Eliminative explanation

In the course of rebuking Daniel Dennett Bill V. makes a couple of interesting claims:
1. One cannot explain what does not exist,
2. An explanation that entails the nonexistence of the explanandum is no explanation at all.
I wonder about this.  A body falling towards the Earth's surface is said to be accelerated by a force acting upon it due to the Earth's gravity.  At least, that's how we have thought about it since Newton.  But Einstein says No, there is no such thing as a gravitational 'force'.  Rather, the body accelerates because it naturally follows (shades of Aristotle) a curved geodesic in the non-flat space-time in the vicinity of the massive Earth.  What we take to be real and feel quite familiar with is explained in radically different terms.  So radical, in fact, that the explanandum doesn't appear in the explanation.  Is this a counter-example to Bill's claims?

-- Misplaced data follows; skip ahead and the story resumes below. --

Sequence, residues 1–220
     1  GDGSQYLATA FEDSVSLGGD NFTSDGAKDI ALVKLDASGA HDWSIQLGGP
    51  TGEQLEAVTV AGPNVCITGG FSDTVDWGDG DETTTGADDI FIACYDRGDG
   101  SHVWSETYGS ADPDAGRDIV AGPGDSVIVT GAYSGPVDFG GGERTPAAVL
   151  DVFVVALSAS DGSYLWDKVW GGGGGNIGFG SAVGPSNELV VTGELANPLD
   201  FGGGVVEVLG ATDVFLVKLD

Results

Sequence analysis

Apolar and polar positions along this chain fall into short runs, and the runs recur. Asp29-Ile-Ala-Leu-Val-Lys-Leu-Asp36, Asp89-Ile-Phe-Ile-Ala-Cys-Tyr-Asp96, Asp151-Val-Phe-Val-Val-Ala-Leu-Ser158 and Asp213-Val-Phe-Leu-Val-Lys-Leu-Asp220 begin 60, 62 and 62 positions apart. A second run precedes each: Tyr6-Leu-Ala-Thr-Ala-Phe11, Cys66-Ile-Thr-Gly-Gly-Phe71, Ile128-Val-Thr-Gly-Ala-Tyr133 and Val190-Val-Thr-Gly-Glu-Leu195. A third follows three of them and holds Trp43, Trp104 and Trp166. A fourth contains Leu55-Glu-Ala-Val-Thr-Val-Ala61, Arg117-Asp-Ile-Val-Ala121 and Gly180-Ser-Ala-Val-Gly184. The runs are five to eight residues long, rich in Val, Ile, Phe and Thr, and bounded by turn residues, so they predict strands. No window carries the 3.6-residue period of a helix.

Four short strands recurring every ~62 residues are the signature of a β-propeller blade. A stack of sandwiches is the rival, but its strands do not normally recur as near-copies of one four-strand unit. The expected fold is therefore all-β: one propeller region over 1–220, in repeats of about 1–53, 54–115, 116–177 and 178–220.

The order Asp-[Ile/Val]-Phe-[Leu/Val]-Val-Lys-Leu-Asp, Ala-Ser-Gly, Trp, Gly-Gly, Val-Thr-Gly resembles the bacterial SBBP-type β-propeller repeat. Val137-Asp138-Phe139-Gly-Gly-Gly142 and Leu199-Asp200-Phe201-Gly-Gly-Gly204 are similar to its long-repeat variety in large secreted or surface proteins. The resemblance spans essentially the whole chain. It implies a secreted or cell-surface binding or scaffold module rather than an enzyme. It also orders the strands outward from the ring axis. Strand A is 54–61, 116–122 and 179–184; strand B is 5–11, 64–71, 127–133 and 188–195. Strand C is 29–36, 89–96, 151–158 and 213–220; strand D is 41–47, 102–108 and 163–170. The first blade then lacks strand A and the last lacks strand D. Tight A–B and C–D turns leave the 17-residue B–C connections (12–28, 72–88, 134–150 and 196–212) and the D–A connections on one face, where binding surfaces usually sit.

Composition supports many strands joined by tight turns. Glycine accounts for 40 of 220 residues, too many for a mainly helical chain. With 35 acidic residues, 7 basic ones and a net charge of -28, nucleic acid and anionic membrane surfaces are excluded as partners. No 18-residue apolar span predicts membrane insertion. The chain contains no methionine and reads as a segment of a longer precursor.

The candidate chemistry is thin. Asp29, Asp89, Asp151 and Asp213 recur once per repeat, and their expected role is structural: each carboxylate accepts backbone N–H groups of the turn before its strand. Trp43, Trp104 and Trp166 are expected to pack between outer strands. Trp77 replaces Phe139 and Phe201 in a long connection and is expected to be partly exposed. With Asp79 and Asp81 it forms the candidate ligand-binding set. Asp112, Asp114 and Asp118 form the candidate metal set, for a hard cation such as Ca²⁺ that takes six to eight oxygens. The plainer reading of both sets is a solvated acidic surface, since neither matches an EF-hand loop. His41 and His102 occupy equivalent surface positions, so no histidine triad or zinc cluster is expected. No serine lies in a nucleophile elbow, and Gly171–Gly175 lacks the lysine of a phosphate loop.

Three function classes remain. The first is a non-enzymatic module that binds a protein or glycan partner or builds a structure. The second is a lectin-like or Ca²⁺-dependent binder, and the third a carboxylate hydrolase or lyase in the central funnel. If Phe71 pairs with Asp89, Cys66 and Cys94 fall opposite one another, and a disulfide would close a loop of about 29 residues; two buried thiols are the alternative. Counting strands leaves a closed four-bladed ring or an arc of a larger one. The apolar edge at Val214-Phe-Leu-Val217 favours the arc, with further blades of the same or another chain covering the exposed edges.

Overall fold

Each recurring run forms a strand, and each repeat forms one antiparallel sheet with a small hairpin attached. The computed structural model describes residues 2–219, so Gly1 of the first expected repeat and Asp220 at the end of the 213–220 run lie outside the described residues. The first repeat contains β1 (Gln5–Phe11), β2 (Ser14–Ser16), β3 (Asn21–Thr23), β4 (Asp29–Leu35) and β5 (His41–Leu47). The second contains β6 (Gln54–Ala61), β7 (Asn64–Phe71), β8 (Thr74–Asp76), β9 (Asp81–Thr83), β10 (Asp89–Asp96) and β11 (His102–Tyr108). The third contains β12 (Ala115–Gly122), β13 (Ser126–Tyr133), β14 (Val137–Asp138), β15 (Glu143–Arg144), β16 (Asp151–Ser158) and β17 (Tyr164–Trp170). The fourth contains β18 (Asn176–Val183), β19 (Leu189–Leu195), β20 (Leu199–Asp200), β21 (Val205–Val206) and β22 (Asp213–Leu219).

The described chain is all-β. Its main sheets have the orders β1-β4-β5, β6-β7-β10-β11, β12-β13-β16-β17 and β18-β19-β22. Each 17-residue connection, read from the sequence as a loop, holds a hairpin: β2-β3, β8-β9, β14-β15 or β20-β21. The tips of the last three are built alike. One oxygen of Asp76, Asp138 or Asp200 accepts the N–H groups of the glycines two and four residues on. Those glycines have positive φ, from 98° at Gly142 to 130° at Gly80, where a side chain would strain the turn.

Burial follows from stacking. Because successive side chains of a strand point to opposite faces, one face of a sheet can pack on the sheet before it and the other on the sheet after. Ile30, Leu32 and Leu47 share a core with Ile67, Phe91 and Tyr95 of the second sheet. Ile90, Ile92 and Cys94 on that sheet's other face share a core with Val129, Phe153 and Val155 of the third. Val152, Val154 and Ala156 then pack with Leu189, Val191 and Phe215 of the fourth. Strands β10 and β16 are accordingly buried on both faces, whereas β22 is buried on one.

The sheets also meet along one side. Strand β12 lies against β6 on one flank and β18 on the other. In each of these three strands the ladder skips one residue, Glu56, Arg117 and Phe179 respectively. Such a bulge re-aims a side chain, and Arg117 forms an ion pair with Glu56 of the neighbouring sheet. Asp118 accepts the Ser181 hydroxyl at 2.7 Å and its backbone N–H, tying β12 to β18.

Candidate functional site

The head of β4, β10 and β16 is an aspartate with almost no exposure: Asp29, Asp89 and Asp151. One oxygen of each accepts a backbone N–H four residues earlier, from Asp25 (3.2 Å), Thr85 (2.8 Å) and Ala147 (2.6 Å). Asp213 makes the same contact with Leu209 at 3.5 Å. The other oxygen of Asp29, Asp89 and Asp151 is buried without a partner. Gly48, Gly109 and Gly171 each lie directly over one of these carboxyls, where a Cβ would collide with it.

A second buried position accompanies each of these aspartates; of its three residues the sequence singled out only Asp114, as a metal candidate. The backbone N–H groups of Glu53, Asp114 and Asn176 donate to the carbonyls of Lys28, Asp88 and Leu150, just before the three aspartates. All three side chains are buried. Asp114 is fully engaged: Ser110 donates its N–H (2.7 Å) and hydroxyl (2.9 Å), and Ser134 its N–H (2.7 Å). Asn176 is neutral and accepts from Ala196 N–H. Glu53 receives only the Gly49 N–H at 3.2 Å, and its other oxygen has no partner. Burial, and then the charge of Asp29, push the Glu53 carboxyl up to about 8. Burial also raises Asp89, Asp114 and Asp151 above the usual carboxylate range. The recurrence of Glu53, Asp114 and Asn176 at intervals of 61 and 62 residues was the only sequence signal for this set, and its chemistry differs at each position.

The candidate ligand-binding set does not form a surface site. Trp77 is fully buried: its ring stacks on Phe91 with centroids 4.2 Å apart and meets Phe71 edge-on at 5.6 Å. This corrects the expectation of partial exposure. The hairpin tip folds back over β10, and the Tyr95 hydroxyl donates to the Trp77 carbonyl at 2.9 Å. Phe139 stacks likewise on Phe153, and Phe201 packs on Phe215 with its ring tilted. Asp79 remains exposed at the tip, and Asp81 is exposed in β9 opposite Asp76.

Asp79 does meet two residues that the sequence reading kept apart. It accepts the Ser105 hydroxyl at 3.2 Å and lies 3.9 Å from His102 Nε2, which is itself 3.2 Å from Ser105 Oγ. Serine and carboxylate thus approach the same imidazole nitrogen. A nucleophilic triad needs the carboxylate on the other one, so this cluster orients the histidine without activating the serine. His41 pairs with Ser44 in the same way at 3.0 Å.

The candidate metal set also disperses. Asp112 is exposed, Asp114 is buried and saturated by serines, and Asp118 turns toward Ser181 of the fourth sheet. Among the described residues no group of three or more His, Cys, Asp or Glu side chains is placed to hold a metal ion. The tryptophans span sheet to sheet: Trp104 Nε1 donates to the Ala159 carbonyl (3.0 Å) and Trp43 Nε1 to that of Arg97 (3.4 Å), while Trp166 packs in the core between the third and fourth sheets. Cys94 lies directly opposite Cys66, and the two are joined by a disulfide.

And doesn't the explanation for the seeming continuity of ordinary matter such as a bar of steel eliminate the continuity in favour of discreteness?

And, dare I say it, doesn't Darwinian natural selection eliminate the apparent designer?

Centrifugal force?

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